Metals take a walk

Jul 12, 2005

Scientists in the Organic Chemistry Department of the Weizmann Institute of Science have caught a glimpse of platinum-based complexes 'walking' a path to their destinations

Do metal complexes casually stroll around certain molecules prior to chemical reactions? Scientists in the Organic Chemistry Department of the Weizmann Institute of Science have caught a glimpse of platinum-based complexes "walking" a path to their destinations.

Many types of chemical reactions and new materials depend on the integration of metals with organic (carbon based) molecules. Metals, for instance, assist in transformations of chemical compounds, while materials with many kinds of unique properties often incorporate metals into the molecular structure.

The phenomenon dubbed "ring walking," for the idea that these metal complexes might move from point to point around organic molecules (which contain the familiar, six-sided carbon rings), had been deduced from experimentation. But proving that ring walking takes place prior to a chemical transformation had not been successfully attempted before.

Dr. Milko van der Boom thought that understanding the route the metal takes as it moves from one place to another on the molecule might give chemists a powerful tool for understanding and controlling chemical reactions. Olena Zenkina, a student who came from Ukraine for a summer research program and ended up staying to pursue a Ph.D. in Dr. van der Boom's group, used Nuclear Magnetic Resonance (NMR) to track the movements of the platinum complexes.

They were able to determine how these complexes moved in several steps around the structure of fairly simple organic molecules by undergoing weak molecular interactions at certain junctures. The walking stopped upon arrival at the point on the organic molecule where the chemical reaction occurs. The results of their experiment were confirmed in a computer simulation carried out by the group of Prof. Gershom (Jan) Martin, also of the Organic Chemistry Department. Van der Boom and Zenkina are now conducting research into various aspects of ring-walking.

They want to know, for instance, how fast, and how far metals can walk. In addition, they have taken the first steps toward controlling the direction a metal takes in its walk around the molecule. In contrast to today's approach to chemical transformations, which often involves custom designing sophisticated molecules, learning to direct the routes of metal complexes on the way to chemical reactions might provide a simple and effective alternative.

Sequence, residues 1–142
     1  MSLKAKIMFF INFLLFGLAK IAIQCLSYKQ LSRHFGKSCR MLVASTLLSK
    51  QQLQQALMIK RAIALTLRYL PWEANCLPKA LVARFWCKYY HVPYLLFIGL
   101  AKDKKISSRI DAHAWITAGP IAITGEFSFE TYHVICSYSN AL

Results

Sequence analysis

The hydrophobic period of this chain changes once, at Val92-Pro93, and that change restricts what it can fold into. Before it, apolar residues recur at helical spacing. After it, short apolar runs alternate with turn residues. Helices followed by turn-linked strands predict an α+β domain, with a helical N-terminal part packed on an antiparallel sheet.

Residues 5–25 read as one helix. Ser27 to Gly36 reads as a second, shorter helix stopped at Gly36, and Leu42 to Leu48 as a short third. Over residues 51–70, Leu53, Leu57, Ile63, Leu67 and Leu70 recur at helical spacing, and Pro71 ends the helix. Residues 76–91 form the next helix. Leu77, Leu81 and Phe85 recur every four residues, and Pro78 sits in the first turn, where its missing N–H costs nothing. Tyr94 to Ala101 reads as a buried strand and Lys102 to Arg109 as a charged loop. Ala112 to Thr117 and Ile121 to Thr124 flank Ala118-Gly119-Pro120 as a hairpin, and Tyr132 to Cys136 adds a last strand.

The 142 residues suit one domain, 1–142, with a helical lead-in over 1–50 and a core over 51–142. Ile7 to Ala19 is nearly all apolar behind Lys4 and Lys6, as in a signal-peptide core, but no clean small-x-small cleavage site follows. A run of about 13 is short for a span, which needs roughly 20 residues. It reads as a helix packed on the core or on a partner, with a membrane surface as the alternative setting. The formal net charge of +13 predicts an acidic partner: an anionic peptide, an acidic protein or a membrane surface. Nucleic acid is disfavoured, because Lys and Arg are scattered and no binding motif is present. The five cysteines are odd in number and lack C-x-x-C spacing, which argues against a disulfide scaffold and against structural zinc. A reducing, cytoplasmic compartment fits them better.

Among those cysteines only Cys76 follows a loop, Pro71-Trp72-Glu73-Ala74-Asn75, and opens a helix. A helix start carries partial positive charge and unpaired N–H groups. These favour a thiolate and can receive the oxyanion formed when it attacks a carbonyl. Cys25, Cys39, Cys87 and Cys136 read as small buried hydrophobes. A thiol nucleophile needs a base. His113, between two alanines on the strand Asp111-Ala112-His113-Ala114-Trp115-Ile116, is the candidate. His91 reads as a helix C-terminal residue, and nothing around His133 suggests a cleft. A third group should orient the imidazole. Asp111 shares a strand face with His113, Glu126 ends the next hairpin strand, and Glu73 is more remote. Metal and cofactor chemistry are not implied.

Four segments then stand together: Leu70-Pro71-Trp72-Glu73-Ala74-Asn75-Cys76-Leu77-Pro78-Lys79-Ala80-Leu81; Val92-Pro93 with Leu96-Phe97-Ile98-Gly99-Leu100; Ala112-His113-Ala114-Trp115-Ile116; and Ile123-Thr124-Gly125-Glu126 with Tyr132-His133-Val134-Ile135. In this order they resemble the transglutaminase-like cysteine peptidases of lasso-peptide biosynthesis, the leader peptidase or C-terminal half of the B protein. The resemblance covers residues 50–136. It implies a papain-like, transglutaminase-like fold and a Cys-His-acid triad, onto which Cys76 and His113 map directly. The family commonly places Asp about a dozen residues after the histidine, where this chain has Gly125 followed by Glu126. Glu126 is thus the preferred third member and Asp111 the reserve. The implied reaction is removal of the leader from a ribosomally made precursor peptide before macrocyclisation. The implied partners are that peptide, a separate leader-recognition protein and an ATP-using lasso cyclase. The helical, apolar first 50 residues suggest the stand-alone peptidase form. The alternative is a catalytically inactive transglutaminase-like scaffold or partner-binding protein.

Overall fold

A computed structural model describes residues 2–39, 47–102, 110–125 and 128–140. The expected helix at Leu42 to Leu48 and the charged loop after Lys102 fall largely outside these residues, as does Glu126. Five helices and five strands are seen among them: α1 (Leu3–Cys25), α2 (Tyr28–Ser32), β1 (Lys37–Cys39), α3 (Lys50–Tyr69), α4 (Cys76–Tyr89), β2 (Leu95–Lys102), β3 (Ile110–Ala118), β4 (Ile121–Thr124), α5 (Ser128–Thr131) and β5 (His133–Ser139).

Dr. Milko van der Boom's research is supported by the Henri Gutwirth Fund for Research ; ITEK, Israel; the Helen and Martin Kimmel Center for Molecular Design; and Sir Harry A.S. Djanogly, CBE, UK. Dr. Van Der Boom is the incumbent of the Dewey D. Stone and Harry Levine Career Development Chair.

Source: American Committee for the Weizmann Institute of Science

Explore further: Atomic trigger shatters mystery of how glass deforms

add to favorites email to friend print save as pdf

Related Stories

Arctic marine organisms capture CO2

Oct 14, 2014

Arctic marine organisms act as a reservoir for CO2, according to research published in the international journal Geophysical Research Letters.

Recommended for you

Atomic trigger shatters mystery of how glass deforms

Oct 18, 2014

Throw a rock through a window made of silica glass, and the brittle, insulating oxide pane shatters. But whack a golf ball with a club made of metallic glass—a resilient conductor that looks like metal—and the glass not ...

Superconducting circuits, simplified

Oct 17, 2014

Computer chips with superconducting circuits—circuits with zero electrical resistance—would be 50 to 100 times as energy-efficient as today's chips, an attractive trait given the increasing power consumption ...

Protons hog the momentum in neutron-rich nuclei

Oct 16, 2014

Like dancers swirling on the dance floor with bystanders looking on, protons and neutrons that have briefly paired up in the nucleus have higher-average momentum, leaving less for non-paired nucleons. Using ...

Cosmic jets of young stars formed by magnetic fields

Oct 16, 2014

Astrophysical jets are counted among our Universe's most spectacular phenomena: From the centers of black holes, quasars, or protostars, these rays of matter sometimes protrude several light years into space. ...

User comments : 0